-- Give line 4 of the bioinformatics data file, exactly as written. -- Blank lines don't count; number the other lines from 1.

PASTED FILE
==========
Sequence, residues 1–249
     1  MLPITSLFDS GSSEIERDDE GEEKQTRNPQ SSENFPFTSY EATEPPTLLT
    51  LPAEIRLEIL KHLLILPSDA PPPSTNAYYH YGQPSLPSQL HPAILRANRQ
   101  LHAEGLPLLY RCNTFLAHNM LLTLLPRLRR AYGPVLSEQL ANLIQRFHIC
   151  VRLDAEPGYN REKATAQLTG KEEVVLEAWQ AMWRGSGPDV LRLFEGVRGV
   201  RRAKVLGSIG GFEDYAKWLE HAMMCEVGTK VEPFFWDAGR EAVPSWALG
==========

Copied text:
   101  LHAEGLPLLY RCNTFLAHNM LLTLLPRLRR AYGPVLSEQL ANLIQRFHIC